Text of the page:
In remarks to a Council of the Americas conference, Tai said the world had made real strides toward ending the pandemic but that a lot of work lies ahead.
"That includes making the vaccine widely available and addressing the global inequity in vaccine access," she said. "This is not just a public health requirement. Our economic recovery depends on it."
Tai is due to discuss demands from developing countries for a World Trade Organization waiver of intellectual property rights on coronavirus vaccines during a WTO General Council meeting later this week.
She has been meeting with the chief executives of the major vaccine manufacturers in recent days to discuss the waiver proposal and ways to boost vaccine production and distribution.
White House Chief of Staff Ron Klain said on Sunday, May 2, that Tai would "start talks on how we can get this vaccine more widely distributed, more widely licensed, more widely shared," adding that more details would be offered in coming days.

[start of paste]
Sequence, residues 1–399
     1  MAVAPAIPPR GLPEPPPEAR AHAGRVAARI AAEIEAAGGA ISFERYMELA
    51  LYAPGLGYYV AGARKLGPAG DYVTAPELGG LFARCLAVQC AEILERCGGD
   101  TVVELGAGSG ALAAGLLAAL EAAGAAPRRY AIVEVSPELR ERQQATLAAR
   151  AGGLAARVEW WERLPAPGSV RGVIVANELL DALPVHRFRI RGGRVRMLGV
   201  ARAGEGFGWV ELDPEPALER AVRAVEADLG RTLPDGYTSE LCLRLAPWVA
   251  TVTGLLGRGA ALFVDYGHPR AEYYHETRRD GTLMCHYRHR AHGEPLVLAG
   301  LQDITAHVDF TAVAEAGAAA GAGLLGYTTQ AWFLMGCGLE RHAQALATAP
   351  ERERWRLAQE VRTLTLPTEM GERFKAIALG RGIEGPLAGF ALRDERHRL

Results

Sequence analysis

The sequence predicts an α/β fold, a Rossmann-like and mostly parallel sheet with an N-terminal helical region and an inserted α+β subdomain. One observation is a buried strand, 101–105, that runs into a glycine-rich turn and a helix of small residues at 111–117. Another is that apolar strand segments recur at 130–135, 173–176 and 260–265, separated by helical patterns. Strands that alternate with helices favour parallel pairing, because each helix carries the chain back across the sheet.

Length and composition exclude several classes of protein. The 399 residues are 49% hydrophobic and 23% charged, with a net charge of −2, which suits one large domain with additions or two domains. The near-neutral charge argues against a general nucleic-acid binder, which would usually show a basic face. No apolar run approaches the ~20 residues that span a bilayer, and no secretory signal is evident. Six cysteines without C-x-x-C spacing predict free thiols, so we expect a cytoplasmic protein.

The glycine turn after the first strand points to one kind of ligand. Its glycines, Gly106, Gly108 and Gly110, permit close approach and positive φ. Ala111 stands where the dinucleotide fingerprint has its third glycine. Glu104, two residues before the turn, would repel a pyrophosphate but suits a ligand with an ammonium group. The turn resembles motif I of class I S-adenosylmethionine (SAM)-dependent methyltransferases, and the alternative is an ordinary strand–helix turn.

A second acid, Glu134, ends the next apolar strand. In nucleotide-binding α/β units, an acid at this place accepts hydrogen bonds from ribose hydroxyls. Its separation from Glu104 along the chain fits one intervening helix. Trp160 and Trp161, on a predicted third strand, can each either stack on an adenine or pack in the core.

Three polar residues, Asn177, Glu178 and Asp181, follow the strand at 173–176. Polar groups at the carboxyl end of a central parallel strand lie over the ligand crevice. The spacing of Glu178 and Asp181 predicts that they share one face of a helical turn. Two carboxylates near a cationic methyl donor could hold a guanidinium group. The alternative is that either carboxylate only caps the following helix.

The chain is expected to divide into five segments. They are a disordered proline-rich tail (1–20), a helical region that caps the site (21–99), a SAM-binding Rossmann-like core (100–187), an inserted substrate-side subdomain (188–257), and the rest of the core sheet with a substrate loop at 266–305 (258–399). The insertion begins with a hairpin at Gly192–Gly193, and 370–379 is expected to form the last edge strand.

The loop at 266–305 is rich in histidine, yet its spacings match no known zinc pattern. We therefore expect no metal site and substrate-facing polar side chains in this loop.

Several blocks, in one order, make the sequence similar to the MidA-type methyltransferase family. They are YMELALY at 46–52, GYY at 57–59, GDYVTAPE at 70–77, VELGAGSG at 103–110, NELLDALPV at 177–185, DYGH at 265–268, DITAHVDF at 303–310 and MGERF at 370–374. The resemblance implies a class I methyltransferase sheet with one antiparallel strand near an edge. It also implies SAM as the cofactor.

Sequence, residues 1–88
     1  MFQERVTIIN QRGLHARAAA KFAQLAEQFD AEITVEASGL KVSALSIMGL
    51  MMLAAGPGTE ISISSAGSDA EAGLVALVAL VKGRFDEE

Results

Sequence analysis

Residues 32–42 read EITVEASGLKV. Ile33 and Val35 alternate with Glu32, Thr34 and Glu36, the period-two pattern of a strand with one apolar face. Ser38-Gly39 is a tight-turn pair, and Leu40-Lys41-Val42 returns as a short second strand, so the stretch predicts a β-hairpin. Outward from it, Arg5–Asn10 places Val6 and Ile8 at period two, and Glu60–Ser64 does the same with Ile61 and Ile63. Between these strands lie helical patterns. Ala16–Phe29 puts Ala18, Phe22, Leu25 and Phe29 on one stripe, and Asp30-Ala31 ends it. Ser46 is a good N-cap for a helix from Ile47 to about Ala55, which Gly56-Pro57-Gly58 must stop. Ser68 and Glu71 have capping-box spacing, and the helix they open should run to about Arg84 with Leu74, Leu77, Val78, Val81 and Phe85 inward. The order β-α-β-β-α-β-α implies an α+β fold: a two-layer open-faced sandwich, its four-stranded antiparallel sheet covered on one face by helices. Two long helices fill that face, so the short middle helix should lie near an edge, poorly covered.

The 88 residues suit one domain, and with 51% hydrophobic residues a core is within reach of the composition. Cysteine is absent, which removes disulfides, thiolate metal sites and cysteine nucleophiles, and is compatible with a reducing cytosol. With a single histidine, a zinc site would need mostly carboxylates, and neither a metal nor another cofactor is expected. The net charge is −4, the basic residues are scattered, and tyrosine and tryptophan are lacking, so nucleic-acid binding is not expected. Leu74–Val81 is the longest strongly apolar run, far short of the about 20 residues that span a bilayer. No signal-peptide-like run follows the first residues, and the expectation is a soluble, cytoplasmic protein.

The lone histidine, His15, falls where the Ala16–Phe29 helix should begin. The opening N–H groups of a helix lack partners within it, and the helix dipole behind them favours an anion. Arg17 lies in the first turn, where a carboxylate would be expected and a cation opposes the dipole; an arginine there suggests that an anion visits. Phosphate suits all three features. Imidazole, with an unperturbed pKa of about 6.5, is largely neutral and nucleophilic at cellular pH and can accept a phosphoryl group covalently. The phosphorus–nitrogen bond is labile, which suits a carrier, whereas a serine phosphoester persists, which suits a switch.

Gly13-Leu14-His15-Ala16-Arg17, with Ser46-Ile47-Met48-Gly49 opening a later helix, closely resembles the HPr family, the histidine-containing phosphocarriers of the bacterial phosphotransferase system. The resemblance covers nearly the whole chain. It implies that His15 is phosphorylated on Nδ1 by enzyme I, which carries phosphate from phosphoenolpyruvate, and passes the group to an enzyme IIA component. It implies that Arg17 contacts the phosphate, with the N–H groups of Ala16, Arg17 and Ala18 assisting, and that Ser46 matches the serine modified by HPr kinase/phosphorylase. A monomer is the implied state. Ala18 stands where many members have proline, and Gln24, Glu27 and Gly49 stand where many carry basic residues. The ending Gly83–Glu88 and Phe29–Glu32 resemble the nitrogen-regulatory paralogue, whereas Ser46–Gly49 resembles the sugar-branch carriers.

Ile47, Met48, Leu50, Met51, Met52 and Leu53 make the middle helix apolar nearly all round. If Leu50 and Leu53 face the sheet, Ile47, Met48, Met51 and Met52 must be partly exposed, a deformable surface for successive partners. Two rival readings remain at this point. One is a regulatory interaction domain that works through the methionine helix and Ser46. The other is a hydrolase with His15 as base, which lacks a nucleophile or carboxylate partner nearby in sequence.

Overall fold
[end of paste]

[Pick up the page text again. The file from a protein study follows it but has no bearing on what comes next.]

A majority of Democrats in the US House of Representatives, and many liberal Democratic senators have urged President Joe Biden's administration to support the vaccine intellectual property waiver, arguing it would help save lives and prioritize people over drug company profits.
The pharmaceuticals industry sees the proposed waiver as too broad and would set a precedent that would erode incentives to develop future vaccines.
Democratic Representative Earl Blumenauer, head of the Ways and Means trade subcommittee, told reporters that Tai and other US officials were trying to develop a path forward, and narrowing the scope of the proposed waiver could help reassure industry.
Representative Rosa DeLauro told reporters she spoke with Commerce Secretary Gina Raimondo earlier on April 28 and saw "some positive signs" the Biden administration was committed to aiding other countries in the current humanitarian crisis.
A dozen House of Representatives Republicans wrote to Tai on Tuesday to urge her to continue to oppose the IP rights waiver, arguing it would not meaningfully improve vaccine availability.
"The scope of the requested waiver is overbroad and unjustified in light of the economic harm it would cause and the negligible benefits it would provide," wrote the members, led by House Judiciary Committee senior Republican Darrell Issa. – Rappler.com